Letter: The Next Generation

As a senior, I am grateful for the special shopping hours that the local supermarkets have made available to us during the COVID-19 pandemic. Immune system functioning declines with age through no fault of the seniors. But as I entered Pavilions Saturday morning with other seniors, I felt guilty getting first dibs on limited selections of fresh produce, pasta, frozen vegetables and canned tomatoes. What young families would miss out on potatoes because I got them first? My sense of guilt increased even more as I thought about what my generation is bequeathing to young families: out of sight housing costs, huge student debt, accelerating climate change and an increasingly frayed government safety net. 

Right across the street from me are young families raising kids who are paying four times the property taxes that I am for comparably-priced properties, thanks to Proposition 13. I graduated debt-free from a private college despite coming from a middle class family, which is not possible today at most colleges. The system is rigged to benefit my generation, trapping young people in a cycle of increasingly desperate work for fewer benefits (think: gig economy). For the first time since WWII, we have seen two consecutive years of declining U.S. life expectancy because of “deaths of despair,” such as drug overdoses and gun-related suicides—almost all involving young people.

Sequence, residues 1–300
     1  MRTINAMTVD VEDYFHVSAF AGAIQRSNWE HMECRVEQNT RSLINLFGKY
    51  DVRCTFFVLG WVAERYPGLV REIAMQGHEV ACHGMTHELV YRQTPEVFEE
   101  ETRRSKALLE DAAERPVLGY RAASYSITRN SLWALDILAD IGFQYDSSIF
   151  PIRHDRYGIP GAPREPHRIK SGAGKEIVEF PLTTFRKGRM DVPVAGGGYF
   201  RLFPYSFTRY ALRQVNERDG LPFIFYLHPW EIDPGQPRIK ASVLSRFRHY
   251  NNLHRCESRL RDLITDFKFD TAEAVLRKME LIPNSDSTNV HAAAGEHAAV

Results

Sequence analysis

The Biden administration (I now see his election as likely) will have to make some politically unpopular but necessary adjustments to restore some balance to what we expect of our younger compatriots. A good start would be having the government pay off student loans if a person’s employment history impedes their ability to pay the full principal and accumulated interest. This is not only equitable but good economic policy as young people are delaying marriage, child-bearing and house-buying because of prolonged unpaid student debt. Taxing income from wealth at the same rate as income from labor would be an appropriate way to pay for this policy because it is mostly seniors who have the wealth and mostly young people who provide the labor.

William McCarthy

13StarsManager
https://malibutimes.com
The Malibu Times is the first newspaper in Malibu, serving the community since 1946.

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